Hoone's July 2007 correspondence with Suparak presents more than just difference in aesthetics. He reveals a hostile work environment loathe to non-heterosexual male perspectives. Hoone is not only ignorant of feminist history and aesthetics specifically, he is unwelcome to the generative communication on which Syracuse University is founded. We find Hoone's actions totally unacceptable.

Furthermore, Hoone chose to reveal that you convened four male university administrators (Tom Walsh, Eric Spina, Barry Wells, and Kevin Quinn) to "discuss the issue" of the exhibition's timing. No women, nor members of the greater Syracuse arts community, participated in this review of female sexuality whose ruling was censorship of Suparak's exhibition: approved advertisements were pulled from ReadySet new student welcome materials and Hoone's harassment of Suparak continued to her unexplained termination. We are left to imagine that Hoone's letter of 22 August, implicating you and your administration in the censorship of Suparak, was an attempt at a strategic defense in preparation for his imminent termination of Suparak. Chancellor Cantor, do you still "trust his [Hoone's] leadership?"

The evidence of this situation leaves us with many questions.

Why did Hoone voice his concerns about COME ON so late in the exhibition's planning? Why did he completely contradict his criticism two days before the exhibition's opening, then fire Suparak two weeks later? Why did Hoone cancel the Yes Men exhibition (Suparak states that she "asked him specifically" about this action)? What are the 'restructuring' plans for the Warehouse Gallery that Hoone claims are the reason for Suparak's dismissal? Why were no members of hiring committee that nominated Suparak consulted on her termination? Why were no members of the Syracuse University arts community consulted on her termination?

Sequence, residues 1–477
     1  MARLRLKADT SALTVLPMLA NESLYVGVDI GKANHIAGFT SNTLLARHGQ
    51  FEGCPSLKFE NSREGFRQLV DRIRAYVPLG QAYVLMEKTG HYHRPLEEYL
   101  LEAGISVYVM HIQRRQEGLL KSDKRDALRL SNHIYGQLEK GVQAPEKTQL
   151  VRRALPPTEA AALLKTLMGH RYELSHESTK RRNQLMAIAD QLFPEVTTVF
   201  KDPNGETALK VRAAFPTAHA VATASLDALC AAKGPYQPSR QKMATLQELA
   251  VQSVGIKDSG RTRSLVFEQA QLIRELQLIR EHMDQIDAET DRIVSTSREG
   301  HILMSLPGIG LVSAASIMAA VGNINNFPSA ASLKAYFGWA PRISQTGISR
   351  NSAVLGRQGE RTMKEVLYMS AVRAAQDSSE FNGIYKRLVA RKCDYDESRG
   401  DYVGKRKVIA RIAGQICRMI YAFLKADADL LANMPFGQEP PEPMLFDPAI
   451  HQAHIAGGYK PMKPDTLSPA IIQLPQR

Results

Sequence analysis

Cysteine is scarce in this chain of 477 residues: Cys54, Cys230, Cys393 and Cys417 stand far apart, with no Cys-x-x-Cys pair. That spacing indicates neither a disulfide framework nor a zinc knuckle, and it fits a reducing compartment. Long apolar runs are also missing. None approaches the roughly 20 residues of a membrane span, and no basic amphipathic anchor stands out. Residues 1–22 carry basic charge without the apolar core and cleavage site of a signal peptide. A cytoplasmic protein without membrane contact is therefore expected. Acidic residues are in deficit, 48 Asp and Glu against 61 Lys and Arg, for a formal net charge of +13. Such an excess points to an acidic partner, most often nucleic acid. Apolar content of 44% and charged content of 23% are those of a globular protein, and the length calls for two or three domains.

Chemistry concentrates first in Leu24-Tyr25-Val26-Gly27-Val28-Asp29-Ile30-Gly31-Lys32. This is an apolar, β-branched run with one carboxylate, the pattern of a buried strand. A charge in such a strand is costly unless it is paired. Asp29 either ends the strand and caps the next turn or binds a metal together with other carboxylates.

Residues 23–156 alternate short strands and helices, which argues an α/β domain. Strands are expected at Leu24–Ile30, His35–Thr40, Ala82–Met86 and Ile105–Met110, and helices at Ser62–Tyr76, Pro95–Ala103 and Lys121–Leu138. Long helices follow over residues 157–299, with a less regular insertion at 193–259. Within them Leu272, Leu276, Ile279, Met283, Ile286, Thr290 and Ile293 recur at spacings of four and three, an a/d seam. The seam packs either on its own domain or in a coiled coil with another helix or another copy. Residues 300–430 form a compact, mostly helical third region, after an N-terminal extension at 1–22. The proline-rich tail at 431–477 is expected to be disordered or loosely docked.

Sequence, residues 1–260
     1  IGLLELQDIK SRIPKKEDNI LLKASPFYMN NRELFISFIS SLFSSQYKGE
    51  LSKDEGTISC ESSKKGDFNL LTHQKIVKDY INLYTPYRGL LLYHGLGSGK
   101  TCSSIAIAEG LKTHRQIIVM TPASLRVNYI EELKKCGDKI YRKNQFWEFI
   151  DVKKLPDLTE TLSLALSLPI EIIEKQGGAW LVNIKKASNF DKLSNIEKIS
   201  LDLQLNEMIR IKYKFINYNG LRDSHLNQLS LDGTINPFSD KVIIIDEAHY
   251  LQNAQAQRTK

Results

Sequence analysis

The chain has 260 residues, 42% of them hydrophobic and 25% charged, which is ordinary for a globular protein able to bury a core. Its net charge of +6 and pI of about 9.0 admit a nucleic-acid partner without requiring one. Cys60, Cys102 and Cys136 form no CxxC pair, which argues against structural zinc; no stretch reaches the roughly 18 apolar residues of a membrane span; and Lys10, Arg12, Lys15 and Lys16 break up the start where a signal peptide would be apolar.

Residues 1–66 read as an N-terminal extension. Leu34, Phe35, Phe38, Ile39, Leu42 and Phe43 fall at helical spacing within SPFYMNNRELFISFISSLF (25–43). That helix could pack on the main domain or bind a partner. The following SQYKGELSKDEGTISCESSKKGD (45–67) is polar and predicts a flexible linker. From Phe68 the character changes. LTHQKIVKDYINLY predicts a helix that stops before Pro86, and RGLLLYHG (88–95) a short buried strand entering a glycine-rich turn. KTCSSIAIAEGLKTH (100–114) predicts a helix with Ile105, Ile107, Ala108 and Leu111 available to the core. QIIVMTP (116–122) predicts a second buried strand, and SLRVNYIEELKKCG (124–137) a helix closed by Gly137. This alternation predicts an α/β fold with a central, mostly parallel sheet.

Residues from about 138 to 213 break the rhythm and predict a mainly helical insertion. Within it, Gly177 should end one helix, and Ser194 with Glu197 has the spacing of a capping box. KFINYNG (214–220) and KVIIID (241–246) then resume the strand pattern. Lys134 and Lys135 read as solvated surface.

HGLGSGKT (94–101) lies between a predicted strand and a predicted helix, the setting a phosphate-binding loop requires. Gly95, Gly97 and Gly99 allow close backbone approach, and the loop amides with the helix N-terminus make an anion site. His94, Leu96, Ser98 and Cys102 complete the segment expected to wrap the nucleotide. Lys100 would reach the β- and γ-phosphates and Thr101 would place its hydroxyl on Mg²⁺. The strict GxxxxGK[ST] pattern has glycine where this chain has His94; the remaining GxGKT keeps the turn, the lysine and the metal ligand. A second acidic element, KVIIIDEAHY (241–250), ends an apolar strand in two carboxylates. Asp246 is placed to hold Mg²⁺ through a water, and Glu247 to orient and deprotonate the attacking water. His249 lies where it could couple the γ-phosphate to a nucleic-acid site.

We ask you to please re-instate Suparak to directorship of the Warehouse Gallery. We believe there is opportunity for Syracuse University and the Syracuse arts community to benefit from the attention this issue continues to garner. Please exemplify the great character we devoted ourselves to, love so much, and know to reside in Syracuse University.

Thank you for your time and attention. We look forward to your response.

Sincerely and respectfully,

Rebekah Scotland
B.F.A. 2006
University Scholar

Kenneth White
B.F.A. 2005
University Scholar

Vice President and Provost Eric Spina
VPA Dean Carole Brozowski

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Syracuse has lost one its greatest assets. Astria Suparak, Inaugural Director of The Warehouse Gallery of Syracuse University, was removed from her position as of Sept. 30th, 2007, despite widespread support from community members, students, faculty, and the international art community. This decision was made unilaterally by Jeffrey Hoone, Executive Director of the Coalition of Museum and Art Centers (CMAC).

At the time of Suparak's dismissal, Hoone also canceled her forthcoming exhibitions, including "Keep It Slick: Infiltrating Capitalism with The Yes Men," due to open in November 2007.